There’s a scene after Naomi’s Mom is stricken by the disease and has run off leaving Naomi alone. Naomi’s speaking to her dad who is back in Canada. Normally he’d had been in Ireland with she and her mom but he had to stay home for work and was going to join them later but now can’t because of a national quarantine. While Naomi’s on the phone with her father she thinks: “He was somewhere that ADS hadn’t touched — a place where people were still going to the beach, getting streaks in their hair, hitting softballs, and having picnics with tortilla chips and fruit salad.” To me that was such a vivid image, life going on as normal somewhere while in Naomi’s immediate surroundings, society is falling to pieces.

 

 

Was there a specific part in the book that you had an especially difficult time writing?  If so, why?

Finding a good point to end the book while still leaving room for more in the future was tricky. I knew the story in my head in its entirety was too long for one book but I wanted to feel like I was leaving the characters with some kind of resolution—that not everything was up in the air.

 

 

What sort of projects do you have going on right now.  Any new books coming out?

I’m not sure what will actually come out next but the projects I have underway are a middle grade sci-fi involving alien abduction, a YA horror that centres around a kidnapping and a speculative YA that deals with memory and death.

 

 

It was great having you on the blog today!  We hope you’ll decide to stop by again someday, and we wish you much success!!

Thanks for all the terrific questions! I had a lot of fun and would love to stop by again sometime.

 

About C.K. Kelly Martin

Long before I was an author I was a fan of books about Winnie the Pooh, Babar, Madeline, Anne Shirley and anything by Judy Blume. Throughout high school my favourite class was English. No surprise, then, that most of my time spent at York University in Toronto was as an English major—not the traditional way to graduate with a B.A. (Hons) in film studies but a fine way to get a general arts education.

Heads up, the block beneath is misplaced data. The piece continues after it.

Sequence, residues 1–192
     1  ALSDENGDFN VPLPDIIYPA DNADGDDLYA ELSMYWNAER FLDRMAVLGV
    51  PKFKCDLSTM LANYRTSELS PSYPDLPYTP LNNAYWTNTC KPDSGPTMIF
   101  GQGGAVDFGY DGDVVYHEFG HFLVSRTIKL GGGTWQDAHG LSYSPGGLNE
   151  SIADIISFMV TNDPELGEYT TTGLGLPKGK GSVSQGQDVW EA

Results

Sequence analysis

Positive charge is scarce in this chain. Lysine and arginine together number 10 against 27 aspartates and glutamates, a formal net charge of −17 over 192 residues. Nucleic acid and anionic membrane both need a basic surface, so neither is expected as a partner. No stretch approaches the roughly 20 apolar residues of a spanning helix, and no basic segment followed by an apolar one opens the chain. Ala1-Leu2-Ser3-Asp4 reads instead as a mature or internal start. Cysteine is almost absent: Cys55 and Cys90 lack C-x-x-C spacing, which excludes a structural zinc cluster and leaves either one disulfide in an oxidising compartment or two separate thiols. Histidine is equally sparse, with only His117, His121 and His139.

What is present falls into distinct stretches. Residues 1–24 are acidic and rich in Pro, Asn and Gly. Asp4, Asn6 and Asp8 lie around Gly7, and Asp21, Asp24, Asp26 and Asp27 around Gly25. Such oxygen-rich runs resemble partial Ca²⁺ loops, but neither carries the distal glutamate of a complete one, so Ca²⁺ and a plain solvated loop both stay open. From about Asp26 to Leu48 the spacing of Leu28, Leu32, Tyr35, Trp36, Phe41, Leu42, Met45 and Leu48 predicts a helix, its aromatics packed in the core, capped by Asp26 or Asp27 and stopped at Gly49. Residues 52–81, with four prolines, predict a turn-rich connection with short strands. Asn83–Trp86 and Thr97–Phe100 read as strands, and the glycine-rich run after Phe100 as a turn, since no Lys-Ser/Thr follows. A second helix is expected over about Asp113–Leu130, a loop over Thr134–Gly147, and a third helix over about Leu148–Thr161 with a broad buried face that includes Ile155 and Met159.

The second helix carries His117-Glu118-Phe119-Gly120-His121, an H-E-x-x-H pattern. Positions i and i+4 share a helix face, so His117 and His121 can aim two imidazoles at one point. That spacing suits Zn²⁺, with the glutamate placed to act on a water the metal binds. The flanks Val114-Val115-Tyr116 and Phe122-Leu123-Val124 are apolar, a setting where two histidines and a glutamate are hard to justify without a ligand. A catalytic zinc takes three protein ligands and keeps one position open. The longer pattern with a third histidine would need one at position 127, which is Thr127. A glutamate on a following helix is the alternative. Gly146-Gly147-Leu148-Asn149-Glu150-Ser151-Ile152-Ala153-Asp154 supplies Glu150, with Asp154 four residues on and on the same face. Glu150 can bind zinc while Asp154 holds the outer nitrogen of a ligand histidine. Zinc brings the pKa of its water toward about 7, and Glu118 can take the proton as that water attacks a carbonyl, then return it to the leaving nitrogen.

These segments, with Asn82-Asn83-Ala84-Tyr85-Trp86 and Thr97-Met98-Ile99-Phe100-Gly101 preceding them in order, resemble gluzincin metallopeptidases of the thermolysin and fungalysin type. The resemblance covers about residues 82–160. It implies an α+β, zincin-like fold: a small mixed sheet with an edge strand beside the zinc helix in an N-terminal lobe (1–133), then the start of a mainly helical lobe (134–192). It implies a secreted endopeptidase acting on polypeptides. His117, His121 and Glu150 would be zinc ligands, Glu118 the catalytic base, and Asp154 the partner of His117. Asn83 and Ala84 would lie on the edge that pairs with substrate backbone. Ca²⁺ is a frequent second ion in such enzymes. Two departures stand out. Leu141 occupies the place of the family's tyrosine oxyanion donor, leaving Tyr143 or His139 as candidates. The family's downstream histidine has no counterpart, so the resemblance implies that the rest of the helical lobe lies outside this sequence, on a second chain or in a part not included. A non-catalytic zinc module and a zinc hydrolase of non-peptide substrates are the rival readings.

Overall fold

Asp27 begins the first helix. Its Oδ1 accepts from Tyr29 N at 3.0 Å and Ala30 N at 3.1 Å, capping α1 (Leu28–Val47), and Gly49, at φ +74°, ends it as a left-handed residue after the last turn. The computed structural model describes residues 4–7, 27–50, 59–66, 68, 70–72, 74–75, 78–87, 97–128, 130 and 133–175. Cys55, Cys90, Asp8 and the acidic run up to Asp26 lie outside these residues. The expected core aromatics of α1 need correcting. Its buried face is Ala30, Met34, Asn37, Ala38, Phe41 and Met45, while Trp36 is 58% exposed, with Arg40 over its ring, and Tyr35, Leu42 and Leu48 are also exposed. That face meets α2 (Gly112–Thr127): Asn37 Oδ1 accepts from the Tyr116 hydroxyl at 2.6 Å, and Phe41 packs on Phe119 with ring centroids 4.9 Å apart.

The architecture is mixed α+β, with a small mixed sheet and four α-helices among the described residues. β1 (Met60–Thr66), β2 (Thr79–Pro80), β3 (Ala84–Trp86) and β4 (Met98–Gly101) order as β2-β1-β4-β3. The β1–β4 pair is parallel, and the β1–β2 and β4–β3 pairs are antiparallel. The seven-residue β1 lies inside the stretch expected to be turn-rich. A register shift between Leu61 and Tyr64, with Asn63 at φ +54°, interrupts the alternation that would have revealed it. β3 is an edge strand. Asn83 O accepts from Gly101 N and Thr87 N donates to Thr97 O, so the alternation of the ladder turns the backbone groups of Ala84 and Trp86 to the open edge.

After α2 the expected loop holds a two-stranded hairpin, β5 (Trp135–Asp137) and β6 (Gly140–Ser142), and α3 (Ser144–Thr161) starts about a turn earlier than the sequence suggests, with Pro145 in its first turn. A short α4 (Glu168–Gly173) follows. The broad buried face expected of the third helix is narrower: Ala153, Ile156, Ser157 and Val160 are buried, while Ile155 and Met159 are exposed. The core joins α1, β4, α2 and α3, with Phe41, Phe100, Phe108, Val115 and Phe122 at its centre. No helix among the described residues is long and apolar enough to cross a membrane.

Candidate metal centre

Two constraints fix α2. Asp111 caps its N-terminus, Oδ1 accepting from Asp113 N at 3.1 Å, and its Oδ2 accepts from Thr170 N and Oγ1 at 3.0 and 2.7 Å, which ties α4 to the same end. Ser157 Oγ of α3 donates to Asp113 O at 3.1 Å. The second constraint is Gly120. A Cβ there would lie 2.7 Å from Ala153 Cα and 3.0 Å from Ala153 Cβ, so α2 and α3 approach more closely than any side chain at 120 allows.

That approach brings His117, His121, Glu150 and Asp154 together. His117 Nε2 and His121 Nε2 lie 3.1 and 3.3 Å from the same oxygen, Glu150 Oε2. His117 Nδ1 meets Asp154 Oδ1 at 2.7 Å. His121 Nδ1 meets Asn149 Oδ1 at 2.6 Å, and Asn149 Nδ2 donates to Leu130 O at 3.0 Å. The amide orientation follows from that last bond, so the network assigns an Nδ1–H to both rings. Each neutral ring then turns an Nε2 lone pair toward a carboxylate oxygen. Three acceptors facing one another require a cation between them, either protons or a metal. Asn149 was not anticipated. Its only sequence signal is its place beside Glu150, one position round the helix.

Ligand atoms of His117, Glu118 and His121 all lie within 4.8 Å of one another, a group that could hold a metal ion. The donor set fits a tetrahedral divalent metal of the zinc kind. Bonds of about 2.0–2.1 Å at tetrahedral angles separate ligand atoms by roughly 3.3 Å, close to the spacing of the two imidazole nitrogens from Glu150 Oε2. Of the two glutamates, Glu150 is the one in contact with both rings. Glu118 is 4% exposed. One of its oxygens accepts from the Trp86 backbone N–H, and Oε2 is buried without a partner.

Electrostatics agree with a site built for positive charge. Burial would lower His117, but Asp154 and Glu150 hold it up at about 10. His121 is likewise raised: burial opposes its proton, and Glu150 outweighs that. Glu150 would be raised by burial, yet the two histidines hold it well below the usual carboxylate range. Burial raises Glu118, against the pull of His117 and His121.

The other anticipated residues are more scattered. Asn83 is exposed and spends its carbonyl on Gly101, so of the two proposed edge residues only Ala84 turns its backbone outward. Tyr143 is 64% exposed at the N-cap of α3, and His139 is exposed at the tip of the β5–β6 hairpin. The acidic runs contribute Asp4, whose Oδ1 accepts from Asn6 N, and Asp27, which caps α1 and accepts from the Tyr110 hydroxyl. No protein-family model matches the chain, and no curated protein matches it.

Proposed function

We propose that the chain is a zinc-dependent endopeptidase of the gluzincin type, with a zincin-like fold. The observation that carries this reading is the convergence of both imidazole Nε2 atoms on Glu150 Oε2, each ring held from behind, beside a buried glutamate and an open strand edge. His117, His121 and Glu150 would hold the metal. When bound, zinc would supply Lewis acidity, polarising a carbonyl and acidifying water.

After getting my film studies degree I headed for Dublin, Ireland and spent the majority of the nineties there in forgettable jobs meeting unforgettable people and enjoying the buzz. I always believed I'd get around to writing in earnest eventually, and I began writing my first novel in a flat in Dublin and finished it in a Toronto suburb. By then I'd discovered that fiction about young people felt the freshest and most exciting to me. You have most of your life to be an adult but you only grow up once.

Currently residing near Toronto with my Dub husband, I'm an aunt to twenty-one nieces and nephews, and a great-aunt to two great-nephews. I became an Irish citizen in 2001 and continue to visit Dublin as often as I can while working on novels about young people.

My first young adult book, I Know It's Over, came out with Random House in September 2008, and was followed by One Lonely Degree, The Lighter Side of Life and Death, My Beating Teenage Heart and sci-fi thriller Yesterday. I released Yesterday's sequel, Tomorrow, in 2013 and put out my first adult novel, Come See About Me, as an ebook in June 2012. My most recent contemporary YA books, The Sweetest Thing You Can Sing and Delicate, were published by Cormorant Books' Dancing Cat Books imprint in 2014 and 2015.